This past week Crescendo attended Buffer Festival’s music screening to get an insight on producing music content for online platforms. Special guests included Andrew Huang, Charlie McDonnell, Ciaran O’Brien, Dodie Clark, Emily Diana Ruth, Leslie Wai, Meghan Tonjes, Michael Aranda, Nick Pitera, Rob Scallon and Whitney Avalon. Each YouTuber premiered their incredible and diverse music videos and shared their thoughts on creative blocks, the inspiration behind their music, finding a purpose and so much more.


Dodie Clark, best known for her original and cover songs on YouTube admits she sometimes finds it hard to find new sounds. When asked if she has ever scrapped a song because it sounds too much like an old one she responds; "Yes I do that a lot. Honestly you just have to listen to music you wouldn't normally listen to - Spotify makes a discover weekly playlist that I find helpful for inspiration. I'm in a massive creative block, or at least I was until I came to Buffer. I've been recording on my phone when something is playing or someone says something cool. I would also say to just push through with whatever you do even if you hate it. It’s like turning on the tap and getting the crap water out first, but then the water will come clear. Pretty sure I stole that quote from Ed Sheeran.”

Rob Scallon, who is known for making music videos on his channel and coming up with amazing new sounds on his guitars is all about challenging himself. "Give yourself some arbitrary rule that you follow. Sometimes I make a rule with myself that I have to use a specific chord I haven't used before."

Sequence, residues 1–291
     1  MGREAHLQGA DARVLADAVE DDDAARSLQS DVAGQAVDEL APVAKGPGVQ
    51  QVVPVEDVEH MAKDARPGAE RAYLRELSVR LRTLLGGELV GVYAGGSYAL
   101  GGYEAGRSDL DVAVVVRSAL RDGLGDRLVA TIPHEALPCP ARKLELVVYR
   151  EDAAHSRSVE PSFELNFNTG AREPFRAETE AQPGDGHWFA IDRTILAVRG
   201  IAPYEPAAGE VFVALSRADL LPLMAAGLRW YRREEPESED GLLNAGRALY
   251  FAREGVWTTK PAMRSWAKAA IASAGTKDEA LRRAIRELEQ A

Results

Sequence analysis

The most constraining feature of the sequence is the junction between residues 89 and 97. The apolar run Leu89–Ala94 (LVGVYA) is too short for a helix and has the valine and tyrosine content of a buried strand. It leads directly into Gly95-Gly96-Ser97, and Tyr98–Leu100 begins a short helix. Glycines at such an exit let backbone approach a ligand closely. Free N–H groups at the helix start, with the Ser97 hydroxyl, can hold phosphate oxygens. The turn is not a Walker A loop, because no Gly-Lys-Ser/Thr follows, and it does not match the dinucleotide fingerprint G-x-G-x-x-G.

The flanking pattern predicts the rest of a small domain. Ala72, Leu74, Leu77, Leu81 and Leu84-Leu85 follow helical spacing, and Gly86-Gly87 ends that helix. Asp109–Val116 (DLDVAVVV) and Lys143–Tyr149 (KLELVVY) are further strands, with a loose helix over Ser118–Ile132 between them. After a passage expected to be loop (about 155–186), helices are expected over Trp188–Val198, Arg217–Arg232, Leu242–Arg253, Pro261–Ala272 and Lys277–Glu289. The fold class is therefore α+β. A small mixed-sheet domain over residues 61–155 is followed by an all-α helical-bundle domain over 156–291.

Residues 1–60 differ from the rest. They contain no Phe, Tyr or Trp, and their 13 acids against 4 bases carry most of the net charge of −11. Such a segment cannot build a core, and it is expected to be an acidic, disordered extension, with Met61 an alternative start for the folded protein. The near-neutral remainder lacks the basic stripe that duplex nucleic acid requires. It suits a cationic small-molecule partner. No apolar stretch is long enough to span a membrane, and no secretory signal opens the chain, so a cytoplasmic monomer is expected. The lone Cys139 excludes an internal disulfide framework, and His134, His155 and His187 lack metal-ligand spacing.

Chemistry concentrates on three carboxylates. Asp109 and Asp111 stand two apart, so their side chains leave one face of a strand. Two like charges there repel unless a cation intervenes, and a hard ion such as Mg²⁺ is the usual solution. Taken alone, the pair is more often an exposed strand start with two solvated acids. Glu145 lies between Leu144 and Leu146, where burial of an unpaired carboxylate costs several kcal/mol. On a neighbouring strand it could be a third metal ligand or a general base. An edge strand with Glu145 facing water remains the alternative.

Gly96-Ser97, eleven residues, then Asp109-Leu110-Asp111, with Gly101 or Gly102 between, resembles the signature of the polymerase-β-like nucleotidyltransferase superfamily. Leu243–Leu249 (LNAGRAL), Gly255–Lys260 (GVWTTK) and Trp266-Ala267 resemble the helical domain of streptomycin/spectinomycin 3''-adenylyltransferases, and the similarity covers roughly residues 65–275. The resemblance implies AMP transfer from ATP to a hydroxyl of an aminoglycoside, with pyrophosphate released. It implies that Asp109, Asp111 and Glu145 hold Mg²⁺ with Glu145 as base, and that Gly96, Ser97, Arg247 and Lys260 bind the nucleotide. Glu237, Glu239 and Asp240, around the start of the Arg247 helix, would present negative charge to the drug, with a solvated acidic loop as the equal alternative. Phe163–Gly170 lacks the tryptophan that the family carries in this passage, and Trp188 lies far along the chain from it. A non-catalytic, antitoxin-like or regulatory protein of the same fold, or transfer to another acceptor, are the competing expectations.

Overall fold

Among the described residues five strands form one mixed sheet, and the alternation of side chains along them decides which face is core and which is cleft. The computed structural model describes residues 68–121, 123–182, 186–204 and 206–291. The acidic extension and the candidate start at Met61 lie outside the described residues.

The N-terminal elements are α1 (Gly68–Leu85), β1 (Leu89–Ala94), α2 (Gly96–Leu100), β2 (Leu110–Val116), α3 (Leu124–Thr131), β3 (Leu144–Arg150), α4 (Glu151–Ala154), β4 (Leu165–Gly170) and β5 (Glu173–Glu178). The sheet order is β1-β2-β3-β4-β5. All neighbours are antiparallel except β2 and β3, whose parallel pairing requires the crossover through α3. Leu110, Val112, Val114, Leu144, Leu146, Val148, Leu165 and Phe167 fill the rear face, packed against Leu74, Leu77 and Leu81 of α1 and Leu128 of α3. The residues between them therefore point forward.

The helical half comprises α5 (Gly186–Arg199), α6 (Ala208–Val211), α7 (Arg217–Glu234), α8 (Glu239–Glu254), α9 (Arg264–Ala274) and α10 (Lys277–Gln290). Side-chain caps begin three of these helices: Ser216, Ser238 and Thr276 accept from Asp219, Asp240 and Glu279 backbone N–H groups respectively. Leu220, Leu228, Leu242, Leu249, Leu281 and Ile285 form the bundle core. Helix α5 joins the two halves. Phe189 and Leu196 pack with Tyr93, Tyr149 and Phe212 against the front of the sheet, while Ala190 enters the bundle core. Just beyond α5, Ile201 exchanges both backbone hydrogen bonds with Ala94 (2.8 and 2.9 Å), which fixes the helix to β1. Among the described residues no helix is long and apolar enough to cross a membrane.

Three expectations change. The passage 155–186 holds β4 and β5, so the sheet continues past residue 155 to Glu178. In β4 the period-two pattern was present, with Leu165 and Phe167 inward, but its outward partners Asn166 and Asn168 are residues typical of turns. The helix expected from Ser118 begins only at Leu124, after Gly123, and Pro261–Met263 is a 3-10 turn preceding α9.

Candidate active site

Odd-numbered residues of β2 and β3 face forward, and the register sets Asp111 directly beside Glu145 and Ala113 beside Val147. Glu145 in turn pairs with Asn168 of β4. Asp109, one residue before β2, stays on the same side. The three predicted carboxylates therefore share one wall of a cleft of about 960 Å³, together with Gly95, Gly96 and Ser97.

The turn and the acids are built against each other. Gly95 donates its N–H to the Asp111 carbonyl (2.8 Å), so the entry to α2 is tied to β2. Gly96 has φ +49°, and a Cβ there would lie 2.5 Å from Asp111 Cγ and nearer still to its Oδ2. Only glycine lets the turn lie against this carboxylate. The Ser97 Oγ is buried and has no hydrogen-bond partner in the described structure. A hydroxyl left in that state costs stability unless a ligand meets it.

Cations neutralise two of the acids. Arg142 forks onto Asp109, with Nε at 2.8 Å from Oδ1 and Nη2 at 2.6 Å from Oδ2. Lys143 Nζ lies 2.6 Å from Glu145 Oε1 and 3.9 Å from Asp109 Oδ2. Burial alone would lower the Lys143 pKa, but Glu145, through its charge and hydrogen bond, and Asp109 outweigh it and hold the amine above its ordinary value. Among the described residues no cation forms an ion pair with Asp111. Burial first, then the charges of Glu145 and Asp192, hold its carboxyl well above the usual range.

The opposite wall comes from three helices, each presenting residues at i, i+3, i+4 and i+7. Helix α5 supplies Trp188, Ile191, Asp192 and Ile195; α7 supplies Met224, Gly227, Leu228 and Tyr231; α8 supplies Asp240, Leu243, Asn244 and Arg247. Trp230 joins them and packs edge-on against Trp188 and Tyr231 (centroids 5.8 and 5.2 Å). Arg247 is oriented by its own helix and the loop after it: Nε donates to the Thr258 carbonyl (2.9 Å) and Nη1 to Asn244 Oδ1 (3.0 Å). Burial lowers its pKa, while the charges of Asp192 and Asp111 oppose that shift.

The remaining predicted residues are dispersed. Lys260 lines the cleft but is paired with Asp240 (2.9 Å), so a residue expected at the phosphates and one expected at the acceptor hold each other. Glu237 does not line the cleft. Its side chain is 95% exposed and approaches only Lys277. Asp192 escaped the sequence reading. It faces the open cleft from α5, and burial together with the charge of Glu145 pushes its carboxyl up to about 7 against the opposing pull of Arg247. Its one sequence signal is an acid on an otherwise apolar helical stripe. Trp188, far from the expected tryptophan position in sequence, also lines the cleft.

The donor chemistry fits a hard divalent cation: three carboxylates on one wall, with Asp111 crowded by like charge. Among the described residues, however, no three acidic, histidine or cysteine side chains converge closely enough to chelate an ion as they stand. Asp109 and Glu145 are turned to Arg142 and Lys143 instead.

Vlogger, musician and video producer Michael Aranda admits that he depends on Spotify to expand his music taste. "I purposefully set up a playlist for myself that is totally across the board. So when I go jogging I play shuffle on spotify and make a playlist of weird genres - even if I don't anticipate writing a polka song I'll use elements and techniques from other styles of music."


Meghan Tonjes, a self-professed body-positive vlogger and musician tells us that she finds her courage to share her music through her belief that it can make a positive impact on body issues. In her new music video from her EP Phases, she proudly puts her body on display. "To be a critic is so much easier than to be brave enough to make something you're proud of and put yourself out there. I felt very uncomfortable in high school and always covered up but I surrounded myself with other women that were talking out loud about issues with their body. When I started YouTube a lot of the comments were 'I want to start music but i don't look right.' The internet is a place where you can find role models that are expressing themselves. The important thing about the music video is that I don't see a lot of people that look like me that are celebrating it a lot, by looking sexy and confident and being in full frame shots. Happiness is not a choice but there's an activeness you have to have in chasing it."